Adventures in... 3D printing
A revolution in construction is taking place – right beneath our feet.
Words: Helena Pozniak / Photography: Adriaan de Groot
Next year a bridge will appear in the middle of Amsterdam unlike anything ever seen before. Sleek, undulating and futuristic, it is a world first: it was created by 3D-printing robots.
“We could never have imagined this would be possible, even a few years ago,” says Professor Leroy Gardner (MSc Civil and Environmental Engineering 1999, PhD 2002) at the Department of Civil and Environmental Engineering. “3D printing opens up the opportunity to produce weird and wonderful shapes – you can put the material just where you want it. Nothing like this has been done before.”
But while it has been fascinating to watch the molten steel take shape in an Amsterdam factory, the main priority for Gardner and his team has been to ensure that pedestrians and cyclists in the Dutch city will be safe on this radical new design.
Indeed, the team have been compressing the 3D-built steel to see if it buckles under the same loads as traditional steel, stretching it to understand how it deforms and loading containers with water on to the bridge to check the structure is sturdy enough to take the weight of pedestrians.
In the process, they have discovered that 3D steel has a rather curious property – it is anisotropic, which means its physical properties vary in different directions, because of the way layers are built up. “It has an inherent directionality, depending on whether you load the material parallel to the layers or across them. As an engineer, you need to understand that,” says Gardner. By contrast, traditionally manufactured steel is essentially isotropic – with the same mechanical properties in all directions.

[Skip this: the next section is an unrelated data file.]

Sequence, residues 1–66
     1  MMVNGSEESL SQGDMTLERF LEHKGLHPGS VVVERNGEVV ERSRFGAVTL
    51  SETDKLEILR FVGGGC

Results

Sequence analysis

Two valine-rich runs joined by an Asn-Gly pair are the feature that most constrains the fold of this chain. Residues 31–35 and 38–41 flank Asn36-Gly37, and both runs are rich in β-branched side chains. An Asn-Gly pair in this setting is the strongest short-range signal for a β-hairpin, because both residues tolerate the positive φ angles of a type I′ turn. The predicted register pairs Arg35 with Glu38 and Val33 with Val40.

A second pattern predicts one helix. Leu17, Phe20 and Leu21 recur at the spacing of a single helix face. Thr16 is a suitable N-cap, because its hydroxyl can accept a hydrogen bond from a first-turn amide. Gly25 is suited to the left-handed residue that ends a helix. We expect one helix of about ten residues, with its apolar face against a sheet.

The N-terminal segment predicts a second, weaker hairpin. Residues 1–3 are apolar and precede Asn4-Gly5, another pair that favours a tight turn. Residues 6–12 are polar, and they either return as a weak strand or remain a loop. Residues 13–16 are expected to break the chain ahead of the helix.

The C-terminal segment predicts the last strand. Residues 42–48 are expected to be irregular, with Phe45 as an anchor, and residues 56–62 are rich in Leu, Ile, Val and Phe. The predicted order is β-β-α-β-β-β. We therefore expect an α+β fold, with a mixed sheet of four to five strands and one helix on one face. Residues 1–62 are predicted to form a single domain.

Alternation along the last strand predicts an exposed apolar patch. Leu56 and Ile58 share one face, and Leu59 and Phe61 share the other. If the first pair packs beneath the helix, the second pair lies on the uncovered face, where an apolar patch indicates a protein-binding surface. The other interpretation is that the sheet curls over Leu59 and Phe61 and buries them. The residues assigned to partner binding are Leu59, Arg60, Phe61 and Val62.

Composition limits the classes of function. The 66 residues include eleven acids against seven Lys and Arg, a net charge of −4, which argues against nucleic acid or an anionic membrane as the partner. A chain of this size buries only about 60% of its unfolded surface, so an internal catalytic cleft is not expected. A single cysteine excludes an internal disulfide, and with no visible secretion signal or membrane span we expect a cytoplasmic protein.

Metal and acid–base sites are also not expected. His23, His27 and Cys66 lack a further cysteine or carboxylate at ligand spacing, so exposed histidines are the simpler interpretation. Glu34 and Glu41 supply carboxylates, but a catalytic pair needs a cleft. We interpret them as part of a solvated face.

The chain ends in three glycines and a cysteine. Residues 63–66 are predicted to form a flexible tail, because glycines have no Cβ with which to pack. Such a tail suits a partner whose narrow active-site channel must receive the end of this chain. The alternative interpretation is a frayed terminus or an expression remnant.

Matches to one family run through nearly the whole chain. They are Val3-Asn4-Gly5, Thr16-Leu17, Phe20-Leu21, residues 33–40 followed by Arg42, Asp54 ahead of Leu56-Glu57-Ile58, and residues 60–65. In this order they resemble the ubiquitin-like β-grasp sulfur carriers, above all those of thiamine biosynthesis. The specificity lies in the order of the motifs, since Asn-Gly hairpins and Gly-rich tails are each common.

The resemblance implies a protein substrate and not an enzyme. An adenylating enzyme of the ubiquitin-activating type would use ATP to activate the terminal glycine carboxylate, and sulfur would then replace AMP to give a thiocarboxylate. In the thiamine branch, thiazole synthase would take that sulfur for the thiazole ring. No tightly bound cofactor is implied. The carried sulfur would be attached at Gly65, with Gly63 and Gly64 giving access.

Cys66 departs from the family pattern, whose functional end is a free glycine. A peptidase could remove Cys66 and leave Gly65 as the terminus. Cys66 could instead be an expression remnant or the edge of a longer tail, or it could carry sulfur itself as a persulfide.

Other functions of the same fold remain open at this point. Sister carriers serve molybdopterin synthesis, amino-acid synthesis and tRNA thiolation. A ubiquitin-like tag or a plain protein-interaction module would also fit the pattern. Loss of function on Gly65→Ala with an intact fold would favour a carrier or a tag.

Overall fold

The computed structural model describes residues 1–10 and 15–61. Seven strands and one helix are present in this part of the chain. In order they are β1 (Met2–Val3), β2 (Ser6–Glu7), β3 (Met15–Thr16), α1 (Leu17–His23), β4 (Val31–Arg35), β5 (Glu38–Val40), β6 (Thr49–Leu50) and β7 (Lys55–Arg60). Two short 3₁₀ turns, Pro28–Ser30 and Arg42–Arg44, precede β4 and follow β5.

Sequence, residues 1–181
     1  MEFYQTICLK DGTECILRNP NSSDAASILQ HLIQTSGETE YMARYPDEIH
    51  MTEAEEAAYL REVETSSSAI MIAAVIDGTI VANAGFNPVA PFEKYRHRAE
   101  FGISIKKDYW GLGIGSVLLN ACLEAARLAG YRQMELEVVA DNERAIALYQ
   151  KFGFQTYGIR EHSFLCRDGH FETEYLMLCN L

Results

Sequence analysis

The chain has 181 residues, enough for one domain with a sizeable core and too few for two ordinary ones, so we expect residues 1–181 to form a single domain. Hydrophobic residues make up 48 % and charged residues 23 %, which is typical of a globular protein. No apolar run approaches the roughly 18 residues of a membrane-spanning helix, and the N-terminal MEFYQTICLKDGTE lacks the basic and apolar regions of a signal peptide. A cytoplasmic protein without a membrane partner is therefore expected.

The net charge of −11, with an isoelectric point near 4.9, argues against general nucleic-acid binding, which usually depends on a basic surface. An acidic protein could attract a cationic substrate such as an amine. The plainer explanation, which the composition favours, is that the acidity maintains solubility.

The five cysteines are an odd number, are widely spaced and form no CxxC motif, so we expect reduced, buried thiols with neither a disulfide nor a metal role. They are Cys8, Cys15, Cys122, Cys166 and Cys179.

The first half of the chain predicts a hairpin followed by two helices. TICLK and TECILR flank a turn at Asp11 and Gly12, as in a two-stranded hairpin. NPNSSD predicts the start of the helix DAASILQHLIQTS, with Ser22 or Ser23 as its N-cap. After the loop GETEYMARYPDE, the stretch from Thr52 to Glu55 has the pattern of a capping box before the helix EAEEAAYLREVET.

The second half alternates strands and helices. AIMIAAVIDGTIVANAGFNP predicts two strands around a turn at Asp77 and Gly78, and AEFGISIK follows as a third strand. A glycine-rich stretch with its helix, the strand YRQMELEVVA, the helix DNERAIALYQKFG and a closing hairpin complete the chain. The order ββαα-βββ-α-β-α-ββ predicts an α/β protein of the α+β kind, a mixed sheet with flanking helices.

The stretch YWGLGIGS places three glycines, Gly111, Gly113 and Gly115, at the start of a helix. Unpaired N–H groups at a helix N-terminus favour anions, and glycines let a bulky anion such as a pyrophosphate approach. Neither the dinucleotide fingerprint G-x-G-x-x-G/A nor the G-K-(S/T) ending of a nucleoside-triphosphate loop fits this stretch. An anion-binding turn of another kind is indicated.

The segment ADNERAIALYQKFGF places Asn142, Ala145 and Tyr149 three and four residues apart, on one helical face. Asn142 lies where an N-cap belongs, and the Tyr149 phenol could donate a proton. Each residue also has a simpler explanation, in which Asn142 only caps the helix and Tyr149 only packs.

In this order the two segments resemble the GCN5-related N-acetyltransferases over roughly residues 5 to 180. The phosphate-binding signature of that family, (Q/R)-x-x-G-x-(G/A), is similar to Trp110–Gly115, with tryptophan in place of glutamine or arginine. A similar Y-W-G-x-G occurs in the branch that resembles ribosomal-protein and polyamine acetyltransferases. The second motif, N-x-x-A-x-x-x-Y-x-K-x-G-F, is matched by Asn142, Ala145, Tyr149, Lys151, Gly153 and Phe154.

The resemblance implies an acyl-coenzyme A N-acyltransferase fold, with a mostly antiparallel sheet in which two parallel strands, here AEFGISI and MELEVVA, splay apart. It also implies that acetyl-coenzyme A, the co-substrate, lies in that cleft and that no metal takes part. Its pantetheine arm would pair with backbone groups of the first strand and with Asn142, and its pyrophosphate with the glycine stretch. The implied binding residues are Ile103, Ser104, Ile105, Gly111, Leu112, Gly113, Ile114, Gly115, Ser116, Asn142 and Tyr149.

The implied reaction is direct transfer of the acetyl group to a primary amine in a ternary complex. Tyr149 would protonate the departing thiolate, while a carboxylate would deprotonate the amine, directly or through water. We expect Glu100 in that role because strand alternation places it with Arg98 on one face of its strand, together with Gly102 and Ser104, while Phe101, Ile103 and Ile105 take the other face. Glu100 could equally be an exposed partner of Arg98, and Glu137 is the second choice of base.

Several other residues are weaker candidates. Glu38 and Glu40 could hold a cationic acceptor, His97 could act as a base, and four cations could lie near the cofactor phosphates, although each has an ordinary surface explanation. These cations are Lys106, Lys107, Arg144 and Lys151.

Meanwhile, data scientists at Imperial plan to measure the 12-metre bridge as never before, with a vast network of sensors. “We’ll be able to gauge its ‘heartbeat’,” says Professor Mark Girolami, from the Department of Mathematics and an expert in how big data can be incorporated into engineering practice. He’s based at the pioneering Alan Turing Institute, which specialises in data-centric engineering, and his team is working with engineers and the Dutch 3D-printing company, MX3D, which is behind the design and production of the bridge.
Sensors will measure vibrations, stress on different parts of the structure and ambient temperature – giving data scientists a wealth of information that they will use to inform a virtual model of the bridge and assess how it performs. Scientists will feed data from the real bridge into its virtual copy – created from a 3D laser scan. “We call it a ‘digital twin’,” says Girolami.
“This is new material and there’s a lot we don’t know about its properties. Having one structure learn from the other – the real and the digital – could be revolutionary.” In this way, scientists will be able to predict how the structure will behave in the future.
“What makes this exciting is that we will have a living laboratory on our hands,” says Girolami. “We’ve not seen this level of integration of sensors and cameras before. We might also be able to measure social behaviour and what impact the bridge has on the surrounding area.”
While printing a bridge in this way may not be the fastest or cheapest way to build, it has enormous potential.
“We are pushing the boundaries, and when it comes to 3D printing in construction, this may well be just the start,” says Girolami. “Architects love this style of manufacturing. Normally we have to rein them in, but this gives so much freedom.”